On the surface, pain might seem pretty straightforward: you jam your finger in a door—for example—and as a result, you feel pain in your finger almost immediately. But when you look at the process that leads to this painful sensation in more detail, you’ll see that what’s going on invovles several steps and is far more complicated than you probably think. Understanding how and why pain occurs may not seem all that important, but if you’ve ever experienced persistent—or chronic—pain, it’s actually the first crucial step needed to alleviate it. This is why our New York City physical therapists would like to explain how chronic pain works and why so many people struggle with it.
Acute pain is what likely comes to mind when most people think of pain. If you sprain your ankle while running or tweak your shoulder after throwing a football, the pain you experience immediately afterwards is called acute pain. But if this pain lasts for longer than three months—by which point most injuries have healed—it’s referred to as chronic pain. According to the CDC, about one in five people are affected by chronic pain, and almost half of these individuals report that the pain limits their daily activities. Some people deal with chronic pain for years without noticing any improvements, which may be due in part to outdated beliefs on the nature of their pain.
Recent developments in research have changed the way that we now understand pain. While it was once thought that pain could only be related to actual damage within the body, it’s been shown that pain is not an accurate predictor of tissue health. What this means is that you can experience the sensation of pain when there are minimal or no physical problems, or on the flip side, you can injure your body but not experience the sensation of pain.
Pain being ‘too’ protective
Pain is essentially the body’s protector. It protects you by creating unpleasant feelings that in turn cause your brain to change your behavior so you can avoid future injuries and allow the body to heal (think of pulling back your hand after touching a hot stove and then learning to avoid touching it again in the future). But the pain is not really “in” your hand (or wherever else you “feel” it.) Pain is actually a warning signal sent out by the brain that depends on credible evidence to tell you that your body needs protection and should therefore make a change of some sort. When it does its job properly, you will only “feel” pain when there is a threat or danger to your body that needs to be avoided.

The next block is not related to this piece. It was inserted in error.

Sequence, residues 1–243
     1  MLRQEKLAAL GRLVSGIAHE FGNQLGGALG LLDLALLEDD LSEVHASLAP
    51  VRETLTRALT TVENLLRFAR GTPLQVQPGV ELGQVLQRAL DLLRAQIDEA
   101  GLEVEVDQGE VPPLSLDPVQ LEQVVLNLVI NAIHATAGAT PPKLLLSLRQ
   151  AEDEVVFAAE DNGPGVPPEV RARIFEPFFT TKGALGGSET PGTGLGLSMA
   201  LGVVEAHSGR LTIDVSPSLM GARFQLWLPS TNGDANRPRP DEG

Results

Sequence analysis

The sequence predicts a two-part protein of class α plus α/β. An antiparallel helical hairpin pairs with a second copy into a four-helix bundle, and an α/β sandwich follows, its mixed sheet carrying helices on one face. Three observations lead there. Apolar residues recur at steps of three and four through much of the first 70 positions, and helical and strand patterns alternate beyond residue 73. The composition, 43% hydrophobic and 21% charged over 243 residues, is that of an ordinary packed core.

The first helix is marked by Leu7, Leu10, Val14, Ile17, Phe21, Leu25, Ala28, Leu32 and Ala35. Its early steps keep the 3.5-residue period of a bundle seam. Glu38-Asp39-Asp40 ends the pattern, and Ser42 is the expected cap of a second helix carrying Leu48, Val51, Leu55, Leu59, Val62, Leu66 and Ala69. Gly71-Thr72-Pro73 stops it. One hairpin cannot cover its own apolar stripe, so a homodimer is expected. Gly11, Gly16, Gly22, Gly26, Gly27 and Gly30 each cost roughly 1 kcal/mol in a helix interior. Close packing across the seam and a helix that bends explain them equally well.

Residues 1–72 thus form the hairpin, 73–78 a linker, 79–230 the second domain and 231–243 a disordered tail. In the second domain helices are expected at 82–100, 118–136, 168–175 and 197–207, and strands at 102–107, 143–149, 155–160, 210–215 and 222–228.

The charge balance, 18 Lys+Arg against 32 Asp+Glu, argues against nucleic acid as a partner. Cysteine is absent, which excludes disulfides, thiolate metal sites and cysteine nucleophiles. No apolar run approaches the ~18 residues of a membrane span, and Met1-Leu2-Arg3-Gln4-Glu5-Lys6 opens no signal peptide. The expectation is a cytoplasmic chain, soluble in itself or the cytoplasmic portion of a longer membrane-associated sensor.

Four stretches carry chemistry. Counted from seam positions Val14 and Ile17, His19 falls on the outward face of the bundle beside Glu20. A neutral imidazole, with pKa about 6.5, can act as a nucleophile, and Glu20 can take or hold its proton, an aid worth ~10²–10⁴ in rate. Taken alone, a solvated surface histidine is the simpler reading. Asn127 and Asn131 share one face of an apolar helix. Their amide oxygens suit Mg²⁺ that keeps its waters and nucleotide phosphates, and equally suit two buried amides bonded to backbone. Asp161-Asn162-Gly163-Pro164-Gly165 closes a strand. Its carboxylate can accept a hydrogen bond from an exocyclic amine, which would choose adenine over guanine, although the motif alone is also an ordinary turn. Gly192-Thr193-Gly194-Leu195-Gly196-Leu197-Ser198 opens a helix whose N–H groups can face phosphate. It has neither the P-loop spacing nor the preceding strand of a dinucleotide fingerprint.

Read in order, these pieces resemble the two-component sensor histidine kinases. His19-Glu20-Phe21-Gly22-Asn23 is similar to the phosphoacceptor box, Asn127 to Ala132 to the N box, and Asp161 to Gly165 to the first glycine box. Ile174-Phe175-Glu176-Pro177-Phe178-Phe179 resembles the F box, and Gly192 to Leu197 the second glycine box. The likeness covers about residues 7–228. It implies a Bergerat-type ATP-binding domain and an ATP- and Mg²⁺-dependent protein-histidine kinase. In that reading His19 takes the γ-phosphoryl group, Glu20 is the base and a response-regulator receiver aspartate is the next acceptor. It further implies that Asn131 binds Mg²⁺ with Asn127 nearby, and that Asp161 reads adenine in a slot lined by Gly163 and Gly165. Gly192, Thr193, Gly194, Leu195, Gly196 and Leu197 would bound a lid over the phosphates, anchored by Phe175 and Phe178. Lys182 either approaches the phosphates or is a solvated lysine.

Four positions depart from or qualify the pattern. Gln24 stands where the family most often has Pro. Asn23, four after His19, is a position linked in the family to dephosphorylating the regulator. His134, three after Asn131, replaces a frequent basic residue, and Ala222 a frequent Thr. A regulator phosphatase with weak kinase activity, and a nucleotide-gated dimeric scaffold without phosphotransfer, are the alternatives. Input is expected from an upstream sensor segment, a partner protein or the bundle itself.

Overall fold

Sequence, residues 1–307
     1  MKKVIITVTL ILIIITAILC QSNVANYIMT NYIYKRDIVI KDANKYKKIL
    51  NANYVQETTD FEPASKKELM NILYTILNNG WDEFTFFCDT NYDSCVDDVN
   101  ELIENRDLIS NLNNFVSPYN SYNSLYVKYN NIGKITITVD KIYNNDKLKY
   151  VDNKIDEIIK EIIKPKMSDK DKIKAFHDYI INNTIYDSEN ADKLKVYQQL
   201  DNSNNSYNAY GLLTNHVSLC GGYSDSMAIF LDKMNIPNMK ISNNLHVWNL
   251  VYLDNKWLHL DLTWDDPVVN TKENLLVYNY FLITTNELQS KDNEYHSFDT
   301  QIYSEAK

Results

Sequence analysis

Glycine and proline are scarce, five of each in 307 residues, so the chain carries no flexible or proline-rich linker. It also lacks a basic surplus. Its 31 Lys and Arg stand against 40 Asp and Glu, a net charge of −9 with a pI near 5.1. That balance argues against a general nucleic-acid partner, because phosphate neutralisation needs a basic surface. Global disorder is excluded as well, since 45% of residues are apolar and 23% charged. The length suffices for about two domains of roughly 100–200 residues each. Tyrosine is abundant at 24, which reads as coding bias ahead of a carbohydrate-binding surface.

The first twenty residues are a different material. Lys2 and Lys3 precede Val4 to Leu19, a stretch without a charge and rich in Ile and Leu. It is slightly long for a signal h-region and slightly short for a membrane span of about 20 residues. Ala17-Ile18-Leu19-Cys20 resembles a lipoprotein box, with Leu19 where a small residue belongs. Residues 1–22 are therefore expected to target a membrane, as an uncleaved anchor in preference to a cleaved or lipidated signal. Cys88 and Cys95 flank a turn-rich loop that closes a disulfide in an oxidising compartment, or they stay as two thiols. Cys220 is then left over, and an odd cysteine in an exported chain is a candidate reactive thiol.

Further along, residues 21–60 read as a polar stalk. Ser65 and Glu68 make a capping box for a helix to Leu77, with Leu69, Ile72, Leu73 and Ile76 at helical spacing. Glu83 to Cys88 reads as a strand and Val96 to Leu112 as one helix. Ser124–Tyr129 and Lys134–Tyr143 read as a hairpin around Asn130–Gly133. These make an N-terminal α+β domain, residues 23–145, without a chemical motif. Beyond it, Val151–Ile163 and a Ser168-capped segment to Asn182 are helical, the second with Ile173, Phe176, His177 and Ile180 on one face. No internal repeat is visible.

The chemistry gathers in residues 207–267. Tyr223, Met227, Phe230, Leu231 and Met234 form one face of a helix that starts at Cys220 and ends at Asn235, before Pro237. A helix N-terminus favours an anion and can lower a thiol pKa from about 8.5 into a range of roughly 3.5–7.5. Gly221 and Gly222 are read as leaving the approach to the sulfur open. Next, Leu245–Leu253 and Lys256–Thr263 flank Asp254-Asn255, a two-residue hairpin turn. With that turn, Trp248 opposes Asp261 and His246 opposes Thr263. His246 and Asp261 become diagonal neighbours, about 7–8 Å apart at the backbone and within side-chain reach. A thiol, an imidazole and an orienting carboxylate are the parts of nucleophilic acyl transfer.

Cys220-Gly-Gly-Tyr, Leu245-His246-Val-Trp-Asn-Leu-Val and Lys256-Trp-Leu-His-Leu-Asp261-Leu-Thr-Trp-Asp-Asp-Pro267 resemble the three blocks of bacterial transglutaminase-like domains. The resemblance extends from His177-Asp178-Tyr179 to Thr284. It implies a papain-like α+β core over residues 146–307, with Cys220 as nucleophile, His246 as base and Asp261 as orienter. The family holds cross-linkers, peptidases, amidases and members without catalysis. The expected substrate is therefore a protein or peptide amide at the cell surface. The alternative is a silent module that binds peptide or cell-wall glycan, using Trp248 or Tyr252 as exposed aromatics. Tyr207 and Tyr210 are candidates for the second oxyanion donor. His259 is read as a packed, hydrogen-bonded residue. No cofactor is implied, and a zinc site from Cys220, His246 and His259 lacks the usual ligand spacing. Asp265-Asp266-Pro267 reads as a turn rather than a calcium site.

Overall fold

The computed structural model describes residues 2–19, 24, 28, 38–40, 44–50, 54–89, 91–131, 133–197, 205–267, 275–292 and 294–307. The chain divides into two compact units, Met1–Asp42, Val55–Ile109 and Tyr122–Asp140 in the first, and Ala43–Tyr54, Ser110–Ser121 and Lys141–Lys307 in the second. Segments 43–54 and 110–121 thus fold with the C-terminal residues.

But the problem is that sometimes pain can be too protective by sending out these warning signals unnecessarily, and this is at the heart of understanding chronic pain. The body can produce these unnecessary warning signals in a number of ways, such as conditioning, in which the body essentially “learns” pain after experiencing repeatedly.
The body contains specific neurons called nociceptors that normally only respond to painful stimuli, like heat or pressure. When activated, they send a warning signal to your spinal cord, which can then in turn send this signal to your brain. The brain then interprets the information it receives and the information already stored based on prior experiences with pain. From here, the brain determines if it’s necessary to protect the body, and if so, tells you that you’re in pain. But the brain can make mistakes, which may cause you to experience pain based only on thoughts or memories, when there is no physical stimuli or tissue damage present.
The body can “learn” pain when it wrongly creates a painful sensation over and over. The longer your nervous system produces pain, the better it gets at producing it, which is what happens in individuals with chronic pain. Long after an injury has occurred, even though there is no longer any physical damage or inherent threat, the body has gotten so accustomed to creating pain that even slight triggers can set it off. This is why emotions are so tightly associated with chronic pain, as experiencing a stressful event can be misinterpreting as a threat to the body and result in a painful sensation in areas affected by chronic pain.
We can help you understand the source of your chronic pain and retrain your brain
Therefore, coping with and overcoming chronic pain starts with figuring out why it’s there in the first place and how it gets triggered. If you can understand these factors, you can learn to identify chronic pain and stop it in its tracks. Over time, you can come to retrain your brain so that it no longer creates pain mistakenly and eliminate your chronic pain in the process.
Our New York City physical therapists can help you get to the bottom of your chronic pain and then provide a set of strategies to help you understand and overcome it. Contact Dynamic Sports Physical Therapy at 212-317-8303 to schedule an appointment today, or click here for more information on chronic pain.